Well, a Monday morning… what better way to start than with a force diagram assessment. Here is the one we did today:
The majority of the students did pretty well, but there are still a few that need to come in for help, but just will not… like the two that had a frictional force but NOT a normal force !
After the assessment, we had a pre-lab discussion related to the frictional force. We decided that we could quantify the (kinetic) frictional force if we pulled a block with a string with a force sensor. Two conditions had to be met. First, the string had to be parallel to the surface so there were no components to the tension force. Second, it had to be pulled such that the block had a constant velocity.
We discussed the factors that might affect the value of the frictional force… the usual suspects showed up; mass, weight, surface area, velocity, types of surfaces. We discussed that we could not change the mass without changing two other variables and that is a major no-no in a controlled experiment. Changing the mass will also change the weight and the normal force exerted on the block by the surface. After some guiding questions, we decided to look at the normal force exerted by the surface because we can change that without changing the weight and mass. We just need to add an extra normal force that points down on top of the block… we could just push on it, but that is hard to keep constant and measure. A student (thankfully) suggested putting a known mass on top of the block, but still continue to define the system as the block.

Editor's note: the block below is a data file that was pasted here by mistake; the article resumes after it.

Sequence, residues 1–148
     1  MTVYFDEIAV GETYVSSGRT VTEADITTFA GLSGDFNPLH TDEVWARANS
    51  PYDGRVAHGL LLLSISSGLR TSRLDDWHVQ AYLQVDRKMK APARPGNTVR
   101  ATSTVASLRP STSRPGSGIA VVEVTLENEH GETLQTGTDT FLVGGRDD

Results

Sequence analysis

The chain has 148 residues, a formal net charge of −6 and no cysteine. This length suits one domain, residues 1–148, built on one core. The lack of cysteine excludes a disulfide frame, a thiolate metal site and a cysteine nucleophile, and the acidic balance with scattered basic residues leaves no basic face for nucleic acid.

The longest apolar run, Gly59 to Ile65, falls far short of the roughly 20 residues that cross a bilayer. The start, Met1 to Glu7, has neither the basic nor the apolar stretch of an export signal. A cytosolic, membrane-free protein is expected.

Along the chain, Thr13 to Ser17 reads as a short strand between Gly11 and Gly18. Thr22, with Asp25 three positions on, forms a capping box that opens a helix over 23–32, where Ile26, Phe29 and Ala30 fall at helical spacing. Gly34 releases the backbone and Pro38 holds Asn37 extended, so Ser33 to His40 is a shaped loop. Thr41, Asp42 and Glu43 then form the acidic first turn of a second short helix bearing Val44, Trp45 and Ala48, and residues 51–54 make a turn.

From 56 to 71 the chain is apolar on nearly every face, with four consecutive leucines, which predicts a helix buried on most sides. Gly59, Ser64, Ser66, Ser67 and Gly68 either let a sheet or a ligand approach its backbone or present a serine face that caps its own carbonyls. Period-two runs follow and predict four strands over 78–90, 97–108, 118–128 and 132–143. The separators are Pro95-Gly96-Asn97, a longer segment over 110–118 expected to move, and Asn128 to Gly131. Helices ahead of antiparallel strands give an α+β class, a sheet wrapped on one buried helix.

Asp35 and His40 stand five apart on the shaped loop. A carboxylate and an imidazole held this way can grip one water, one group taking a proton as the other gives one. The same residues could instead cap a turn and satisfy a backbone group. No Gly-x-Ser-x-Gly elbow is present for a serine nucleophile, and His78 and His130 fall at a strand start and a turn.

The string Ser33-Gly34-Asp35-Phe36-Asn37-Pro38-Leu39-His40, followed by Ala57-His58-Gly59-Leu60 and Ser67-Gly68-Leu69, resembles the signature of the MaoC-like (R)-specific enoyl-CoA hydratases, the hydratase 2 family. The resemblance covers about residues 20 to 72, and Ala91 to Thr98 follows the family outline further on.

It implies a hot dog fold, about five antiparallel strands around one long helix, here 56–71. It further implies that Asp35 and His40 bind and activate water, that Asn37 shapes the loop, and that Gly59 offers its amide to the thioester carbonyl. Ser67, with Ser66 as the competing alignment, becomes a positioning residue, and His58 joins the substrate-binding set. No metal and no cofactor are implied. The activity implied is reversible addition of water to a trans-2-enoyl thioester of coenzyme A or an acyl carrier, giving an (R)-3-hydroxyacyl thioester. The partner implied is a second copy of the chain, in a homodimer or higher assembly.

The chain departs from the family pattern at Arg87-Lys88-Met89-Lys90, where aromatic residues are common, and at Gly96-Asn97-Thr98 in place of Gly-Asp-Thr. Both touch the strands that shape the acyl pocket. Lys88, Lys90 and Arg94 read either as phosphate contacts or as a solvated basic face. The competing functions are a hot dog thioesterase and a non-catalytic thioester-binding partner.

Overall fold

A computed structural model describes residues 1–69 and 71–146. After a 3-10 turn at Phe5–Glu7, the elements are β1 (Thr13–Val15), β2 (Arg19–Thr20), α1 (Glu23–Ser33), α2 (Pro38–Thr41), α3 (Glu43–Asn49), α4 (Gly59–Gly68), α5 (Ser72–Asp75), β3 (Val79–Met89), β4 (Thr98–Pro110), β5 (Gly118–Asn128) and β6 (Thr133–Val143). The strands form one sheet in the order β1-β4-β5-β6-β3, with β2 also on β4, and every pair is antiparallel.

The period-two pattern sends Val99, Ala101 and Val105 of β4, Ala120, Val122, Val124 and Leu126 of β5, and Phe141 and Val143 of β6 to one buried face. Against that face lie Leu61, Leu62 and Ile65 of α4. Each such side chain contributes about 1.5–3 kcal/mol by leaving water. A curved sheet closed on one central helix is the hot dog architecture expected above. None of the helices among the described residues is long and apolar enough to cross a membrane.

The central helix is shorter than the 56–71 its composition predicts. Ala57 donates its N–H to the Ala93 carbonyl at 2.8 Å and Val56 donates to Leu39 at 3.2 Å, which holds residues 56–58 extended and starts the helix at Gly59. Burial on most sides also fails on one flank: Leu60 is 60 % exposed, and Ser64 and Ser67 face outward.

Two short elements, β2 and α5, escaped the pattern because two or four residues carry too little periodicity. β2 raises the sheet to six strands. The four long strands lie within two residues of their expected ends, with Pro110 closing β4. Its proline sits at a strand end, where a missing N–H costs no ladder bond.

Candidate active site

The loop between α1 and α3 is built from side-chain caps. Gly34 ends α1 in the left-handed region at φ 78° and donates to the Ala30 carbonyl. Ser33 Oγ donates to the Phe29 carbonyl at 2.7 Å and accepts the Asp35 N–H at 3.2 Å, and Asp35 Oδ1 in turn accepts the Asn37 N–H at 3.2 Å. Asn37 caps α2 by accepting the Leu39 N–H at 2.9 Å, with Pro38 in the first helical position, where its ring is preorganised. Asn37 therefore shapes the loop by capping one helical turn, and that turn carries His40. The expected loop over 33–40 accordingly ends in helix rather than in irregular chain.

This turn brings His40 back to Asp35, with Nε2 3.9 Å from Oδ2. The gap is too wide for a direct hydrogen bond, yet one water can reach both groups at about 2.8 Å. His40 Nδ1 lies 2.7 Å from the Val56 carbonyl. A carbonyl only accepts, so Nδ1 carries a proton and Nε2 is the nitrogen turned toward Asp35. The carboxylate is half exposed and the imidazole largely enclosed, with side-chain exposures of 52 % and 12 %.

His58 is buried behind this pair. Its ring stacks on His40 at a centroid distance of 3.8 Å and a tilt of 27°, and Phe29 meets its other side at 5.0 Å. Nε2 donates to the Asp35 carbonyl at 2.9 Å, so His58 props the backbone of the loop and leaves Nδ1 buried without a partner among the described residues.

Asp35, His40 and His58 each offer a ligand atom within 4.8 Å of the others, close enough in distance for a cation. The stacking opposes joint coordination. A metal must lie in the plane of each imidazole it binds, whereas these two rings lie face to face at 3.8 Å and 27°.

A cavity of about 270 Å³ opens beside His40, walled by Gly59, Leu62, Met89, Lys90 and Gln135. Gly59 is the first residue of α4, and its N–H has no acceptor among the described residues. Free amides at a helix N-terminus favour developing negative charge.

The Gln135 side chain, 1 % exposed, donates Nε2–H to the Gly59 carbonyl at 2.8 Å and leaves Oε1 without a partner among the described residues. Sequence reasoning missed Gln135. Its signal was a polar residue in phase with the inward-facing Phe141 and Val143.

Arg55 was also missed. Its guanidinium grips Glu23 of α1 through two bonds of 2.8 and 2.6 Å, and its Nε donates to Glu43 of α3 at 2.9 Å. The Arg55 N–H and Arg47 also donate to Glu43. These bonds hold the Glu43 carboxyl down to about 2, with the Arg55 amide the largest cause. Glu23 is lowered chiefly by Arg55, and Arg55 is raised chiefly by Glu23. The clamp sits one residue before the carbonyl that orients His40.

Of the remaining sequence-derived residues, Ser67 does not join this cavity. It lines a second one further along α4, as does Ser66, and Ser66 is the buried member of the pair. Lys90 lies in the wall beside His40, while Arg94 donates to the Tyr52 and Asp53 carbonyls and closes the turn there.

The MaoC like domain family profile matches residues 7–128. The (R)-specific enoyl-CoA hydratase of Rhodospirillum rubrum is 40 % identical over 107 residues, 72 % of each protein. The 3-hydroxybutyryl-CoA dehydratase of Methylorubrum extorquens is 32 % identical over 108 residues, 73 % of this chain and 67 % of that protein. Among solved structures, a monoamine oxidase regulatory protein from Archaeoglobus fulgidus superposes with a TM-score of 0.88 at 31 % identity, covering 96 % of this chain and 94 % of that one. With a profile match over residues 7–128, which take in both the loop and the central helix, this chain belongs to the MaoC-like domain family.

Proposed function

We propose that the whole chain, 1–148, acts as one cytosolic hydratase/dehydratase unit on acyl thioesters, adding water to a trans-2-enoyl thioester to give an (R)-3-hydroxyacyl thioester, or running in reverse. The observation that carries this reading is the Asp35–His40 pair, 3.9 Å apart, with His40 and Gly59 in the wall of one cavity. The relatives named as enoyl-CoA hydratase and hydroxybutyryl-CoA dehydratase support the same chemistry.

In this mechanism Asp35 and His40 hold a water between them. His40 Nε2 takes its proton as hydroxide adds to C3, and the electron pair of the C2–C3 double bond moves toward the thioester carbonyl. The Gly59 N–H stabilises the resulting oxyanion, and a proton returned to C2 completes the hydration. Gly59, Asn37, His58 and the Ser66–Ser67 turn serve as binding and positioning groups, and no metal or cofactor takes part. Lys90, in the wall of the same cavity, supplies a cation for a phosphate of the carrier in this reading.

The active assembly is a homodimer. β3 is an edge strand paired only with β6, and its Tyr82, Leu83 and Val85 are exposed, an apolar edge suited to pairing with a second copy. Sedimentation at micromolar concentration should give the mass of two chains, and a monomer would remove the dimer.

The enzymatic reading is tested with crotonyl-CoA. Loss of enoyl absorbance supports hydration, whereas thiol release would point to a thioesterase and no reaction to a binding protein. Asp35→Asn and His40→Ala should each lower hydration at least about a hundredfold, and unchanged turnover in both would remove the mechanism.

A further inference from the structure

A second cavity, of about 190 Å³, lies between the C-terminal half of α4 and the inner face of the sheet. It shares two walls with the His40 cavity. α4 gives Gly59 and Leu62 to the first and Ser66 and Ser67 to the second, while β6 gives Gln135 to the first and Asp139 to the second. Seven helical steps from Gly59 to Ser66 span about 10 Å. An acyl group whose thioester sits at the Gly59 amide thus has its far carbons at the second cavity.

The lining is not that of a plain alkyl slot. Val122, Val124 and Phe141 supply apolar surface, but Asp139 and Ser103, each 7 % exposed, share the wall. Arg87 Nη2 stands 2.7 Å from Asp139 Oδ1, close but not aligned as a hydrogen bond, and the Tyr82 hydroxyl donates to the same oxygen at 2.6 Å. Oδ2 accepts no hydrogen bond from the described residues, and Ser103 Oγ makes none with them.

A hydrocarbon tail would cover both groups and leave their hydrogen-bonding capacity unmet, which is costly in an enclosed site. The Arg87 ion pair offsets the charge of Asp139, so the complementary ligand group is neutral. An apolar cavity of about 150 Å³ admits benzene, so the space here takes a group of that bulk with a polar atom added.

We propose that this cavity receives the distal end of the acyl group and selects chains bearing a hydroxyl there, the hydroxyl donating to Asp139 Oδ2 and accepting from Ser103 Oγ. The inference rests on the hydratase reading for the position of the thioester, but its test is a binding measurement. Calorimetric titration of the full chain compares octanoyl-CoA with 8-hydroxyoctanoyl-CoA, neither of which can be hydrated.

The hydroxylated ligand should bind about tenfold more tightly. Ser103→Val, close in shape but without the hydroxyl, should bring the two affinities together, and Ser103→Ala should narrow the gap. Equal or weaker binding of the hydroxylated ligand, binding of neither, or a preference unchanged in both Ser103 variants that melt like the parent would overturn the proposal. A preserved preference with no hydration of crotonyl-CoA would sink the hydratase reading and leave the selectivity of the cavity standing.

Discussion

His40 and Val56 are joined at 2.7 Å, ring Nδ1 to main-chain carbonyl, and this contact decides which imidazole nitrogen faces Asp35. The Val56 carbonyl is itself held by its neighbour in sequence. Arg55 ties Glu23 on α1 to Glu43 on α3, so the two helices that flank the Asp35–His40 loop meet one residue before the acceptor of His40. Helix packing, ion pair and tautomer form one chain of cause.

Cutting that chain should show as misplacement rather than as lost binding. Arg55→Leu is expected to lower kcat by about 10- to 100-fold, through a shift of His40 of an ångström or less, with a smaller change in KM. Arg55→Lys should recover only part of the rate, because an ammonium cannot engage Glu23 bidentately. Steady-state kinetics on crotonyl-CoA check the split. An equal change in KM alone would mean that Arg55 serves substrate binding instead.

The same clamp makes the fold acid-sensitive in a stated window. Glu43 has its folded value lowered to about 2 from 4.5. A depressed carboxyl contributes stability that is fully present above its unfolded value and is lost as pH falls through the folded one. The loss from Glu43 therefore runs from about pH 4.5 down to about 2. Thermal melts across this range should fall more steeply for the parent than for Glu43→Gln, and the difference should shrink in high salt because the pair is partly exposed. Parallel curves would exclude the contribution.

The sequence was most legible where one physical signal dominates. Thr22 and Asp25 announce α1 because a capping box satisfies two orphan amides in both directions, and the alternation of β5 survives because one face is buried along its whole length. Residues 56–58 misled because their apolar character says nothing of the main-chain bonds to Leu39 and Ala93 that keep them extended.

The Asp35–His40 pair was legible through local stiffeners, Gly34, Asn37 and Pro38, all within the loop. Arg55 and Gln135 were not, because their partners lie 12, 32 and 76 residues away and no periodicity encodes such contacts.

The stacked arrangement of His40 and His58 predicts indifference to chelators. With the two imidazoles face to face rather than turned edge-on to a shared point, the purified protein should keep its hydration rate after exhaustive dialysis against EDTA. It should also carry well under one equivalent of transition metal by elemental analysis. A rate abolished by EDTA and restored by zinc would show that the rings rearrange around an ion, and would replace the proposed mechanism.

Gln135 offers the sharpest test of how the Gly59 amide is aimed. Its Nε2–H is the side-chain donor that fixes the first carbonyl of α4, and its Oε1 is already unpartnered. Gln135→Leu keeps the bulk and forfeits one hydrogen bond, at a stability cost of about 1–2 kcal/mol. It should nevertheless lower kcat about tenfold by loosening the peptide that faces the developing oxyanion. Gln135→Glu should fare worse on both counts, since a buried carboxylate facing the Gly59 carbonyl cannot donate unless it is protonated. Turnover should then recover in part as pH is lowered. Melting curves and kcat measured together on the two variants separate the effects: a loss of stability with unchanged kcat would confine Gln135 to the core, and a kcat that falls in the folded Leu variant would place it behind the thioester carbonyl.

To save some time, I demonstrated how to gather the data and showed that for us, there is no effect with the velocity or the surface area. Tomorrow the students will vary the normal force on a given set of surfaces.
I collected the one problem assessment I sent them home with last Friday– solve a constant acceleration problem with the kinematic equations. I messed up a bit because the one I made up (based on a goal-less problem) was too hard for most of them. Now I will need to give them a another to show they really can do it.
We then looked at an example of constant acceleration, namely freefall. I bridge this from our ramp lab. We sketch the stack-o-graphs for increasingly steeper ramps until we have a vertical ramp. To gather the data, we use the picket fence and photogate. I do not worry about if they fully understand how the photogate gives us the v-t graph, just that it is the slope of it that we want. As part of this, we add washers to the bottom of the picket fence to increase the mass to see if there is any effect. Tomorrow we share results.